Inspirational Limerick boy faces down his medical conditions with a big smile

Donal O'Regan


Donal O'Regan


Inspirational Limerick boy faces down his medical conditions with a big smile

Ahoy, matey! Joey Griffin enjoys the Viking ship in the new playground in the Children’s Ark in University Hospital Limerick

MEET Joey Griffin. He’s not like you or I – Joey is a superhero!

The seven-year-old from Newcastle West has been through more in his short life than most of us will in our entire lives. Yet, as you can see from the gorgeous photo of Joey in a Viking ship in UHL he is the captain of his own destiny. And he is doing it with a smile on his face no matter what obstacles he faces.

Joey was born with a number of medical conditions including a very rare condition which affects just a couple of children in Ireland. Mum, Shauna explains that there was a gap in Joey’s oesophagus when he was born so he couldn't swallow.

“He wasn’t able to eat or drink for a long time, he was peg fed. He’s had a number of surgeries over the years, and I’ve lost count how many times he’s been in hospital. He has been through more trauma than I could even put into words, yet he is the happiest, kindest, strongest boy and anyone who knows him can attest to that,” said Shauna.

The most recent example of Joey’s innate kindness occurred on Mother’s Day.

“He had a two hour seizure, something that has never happened before. I was saying to the doctors, it's not like something you see on TV, it was very strange. He wasn’t shaking, he was just unresponsive. His eyes were open. It lasted for two hours.

“Three ambulances arrived. We got him to the Regional and they gave him medication. Within about 40 minutes it kind of worked and then he just went into a deep sleep for about 12 hours. That is when I was really scared that the Joey I know was not going to wake up because it had been so long. I really thought I had lost my son forever,” said Shauna, who also has an older son, Callum, who has autism.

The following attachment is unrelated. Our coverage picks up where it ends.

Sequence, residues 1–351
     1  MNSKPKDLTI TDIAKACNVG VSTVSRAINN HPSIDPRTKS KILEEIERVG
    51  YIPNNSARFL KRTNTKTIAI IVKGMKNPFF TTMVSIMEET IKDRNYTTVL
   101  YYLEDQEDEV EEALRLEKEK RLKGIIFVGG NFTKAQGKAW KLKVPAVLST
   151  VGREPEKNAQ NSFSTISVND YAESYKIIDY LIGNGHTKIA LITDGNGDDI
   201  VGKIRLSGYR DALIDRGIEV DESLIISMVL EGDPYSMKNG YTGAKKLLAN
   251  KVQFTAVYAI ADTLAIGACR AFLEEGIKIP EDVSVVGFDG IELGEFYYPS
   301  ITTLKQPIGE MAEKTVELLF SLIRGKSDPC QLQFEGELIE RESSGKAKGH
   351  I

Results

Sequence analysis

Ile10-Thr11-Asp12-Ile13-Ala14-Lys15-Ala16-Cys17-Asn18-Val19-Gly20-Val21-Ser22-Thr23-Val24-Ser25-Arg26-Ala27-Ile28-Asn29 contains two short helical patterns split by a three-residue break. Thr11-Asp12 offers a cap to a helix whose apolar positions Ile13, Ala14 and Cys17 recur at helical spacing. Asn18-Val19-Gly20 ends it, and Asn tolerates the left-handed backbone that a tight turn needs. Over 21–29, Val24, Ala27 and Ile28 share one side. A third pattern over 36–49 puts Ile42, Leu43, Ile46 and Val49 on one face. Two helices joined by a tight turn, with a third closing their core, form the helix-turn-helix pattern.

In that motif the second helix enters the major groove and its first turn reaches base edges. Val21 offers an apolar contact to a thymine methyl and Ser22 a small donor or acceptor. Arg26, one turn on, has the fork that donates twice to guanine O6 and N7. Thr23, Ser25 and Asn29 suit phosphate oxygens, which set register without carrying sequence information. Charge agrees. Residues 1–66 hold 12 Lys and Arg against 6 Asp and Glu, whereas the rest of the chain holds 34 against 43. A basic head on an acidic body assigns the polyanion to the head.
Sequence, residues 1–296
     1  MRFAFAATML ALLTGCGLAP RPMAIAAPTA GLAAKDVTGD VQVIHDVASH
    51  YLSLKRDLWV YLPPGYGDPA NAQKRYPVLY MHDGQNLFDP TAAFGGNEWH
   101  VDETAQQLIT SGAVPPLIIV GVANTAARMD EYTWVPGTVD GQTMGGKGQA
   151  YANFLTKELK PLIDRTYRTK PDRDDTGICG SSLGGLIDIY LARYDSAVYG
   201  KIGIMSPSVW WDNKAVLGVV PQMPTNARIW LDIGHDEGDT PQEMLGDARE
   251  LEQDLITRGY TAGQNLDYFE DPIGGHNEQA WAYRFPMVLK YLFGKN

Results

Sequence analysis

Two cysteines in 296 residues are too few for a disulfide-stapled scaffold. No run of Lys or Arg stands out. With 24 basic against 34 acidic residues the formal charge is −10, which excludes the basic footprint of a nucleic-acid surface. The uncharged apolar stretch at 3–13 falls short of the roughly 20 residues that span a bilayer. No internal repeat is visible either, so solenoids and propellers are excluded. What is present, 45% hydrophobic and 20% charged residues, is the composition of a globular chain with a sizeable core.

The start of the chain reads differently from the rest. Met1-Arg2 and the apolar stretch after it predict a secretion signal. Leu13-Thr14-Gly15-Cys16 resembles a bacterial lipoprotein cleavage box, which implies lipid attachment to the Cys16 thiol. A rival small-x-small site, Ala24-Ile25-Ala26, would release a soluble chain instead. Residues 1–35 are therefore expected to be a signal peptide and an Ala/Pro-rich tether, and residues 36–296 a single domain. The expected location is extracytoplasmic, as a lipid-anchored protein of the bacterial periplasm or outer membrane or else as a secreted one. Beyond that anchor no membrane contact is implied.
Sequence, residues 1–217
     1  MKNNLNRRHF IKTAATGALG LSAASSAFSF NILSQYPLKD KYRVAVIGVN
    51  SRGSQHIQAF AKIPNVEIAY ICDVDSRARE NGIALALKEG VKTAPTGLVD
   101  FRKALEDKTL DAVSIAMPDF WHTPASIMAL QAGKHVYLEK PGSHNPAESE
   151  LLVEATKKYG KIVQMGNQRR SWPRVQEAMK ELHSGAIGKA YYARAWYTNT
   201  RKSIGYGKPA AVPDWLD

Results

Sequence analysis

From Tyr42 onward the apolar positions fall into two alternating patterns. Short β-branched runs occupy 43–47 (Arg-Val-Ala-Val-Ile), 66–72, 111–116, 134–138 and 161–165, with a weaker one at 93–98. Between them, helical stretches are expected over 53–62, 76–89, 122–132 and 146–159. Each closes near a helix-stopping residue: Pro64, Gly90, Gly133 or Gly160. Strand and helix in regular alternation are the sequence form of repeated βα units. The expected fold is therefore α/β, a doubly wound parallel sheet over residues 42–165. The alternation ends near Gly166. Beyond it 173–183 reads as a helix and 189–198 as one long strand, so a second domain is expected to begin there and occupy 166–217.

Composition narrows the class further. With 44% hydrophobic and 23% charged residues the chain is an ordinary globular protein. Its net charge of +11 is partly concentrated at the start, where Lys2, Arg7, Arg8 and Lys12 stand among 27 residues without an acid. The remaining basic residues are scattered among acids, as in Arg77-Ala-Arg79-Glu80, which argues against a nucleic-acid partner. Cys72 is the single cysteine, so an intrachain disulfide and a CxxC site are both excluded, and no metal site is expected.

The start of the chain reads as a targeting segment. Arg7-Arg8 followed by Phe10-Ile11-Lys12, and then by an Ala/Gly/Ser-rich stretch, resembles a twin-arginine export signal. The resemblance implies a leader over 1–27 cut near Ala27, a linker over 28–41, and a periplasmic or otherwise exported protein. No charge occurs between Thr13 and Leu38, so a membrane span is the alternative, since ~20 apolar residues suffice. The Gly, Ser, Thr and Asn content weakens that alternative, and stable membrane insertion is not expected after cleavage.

But when Joey did wake up in the middle of the night she had no doubt that she had her son back. His reaction was like something you would see on TV.

“The first thing he asked because he had been at granny's house was, 'Where am I?'. I said 'You're in a hospital and you're OK'. He just hugged me and he said, 'I'm so sorry, it’s Mother's Day'. That was his concern. That's the way Joey is, he's extremely empathetic, he has so much empathy towards people,” said his proud mum.

MRI and EEG scans were undertaken but thankfully they showed no abnormalities. However, Joey must return in four weeks for more scans but like everything else he will take it in his stride.

“Even at the hospital before I was leaving, they were all amazed by him. They said, ‘This child is so happy’. They said they could hear him singing in the shower. They were all in stitches.

“He's so full of life, considering what he has been through. Some people would just wallow in it and he never has – ever since the day he was born. I have pictures of him as a tiny baby in hospital and he was still smiling. He always had it, this ability to just power through,” said Shauna. The son of Aaron and Shauna has two weeks to recuperate now as he is on his holidays from Killoughteen NS where teachers have also commented on his caring nature.

One day Joey told his mum that, “You fill other people’s buckets up when you are kind to them”.

He explained, “People have invisible buckets and you need to fill that up with kindness, to fill their buckets so they feel better”.

As many of our buckets are leaking due to Covid, we can all learn a lot from Joey, how he treats others and his outlook on life!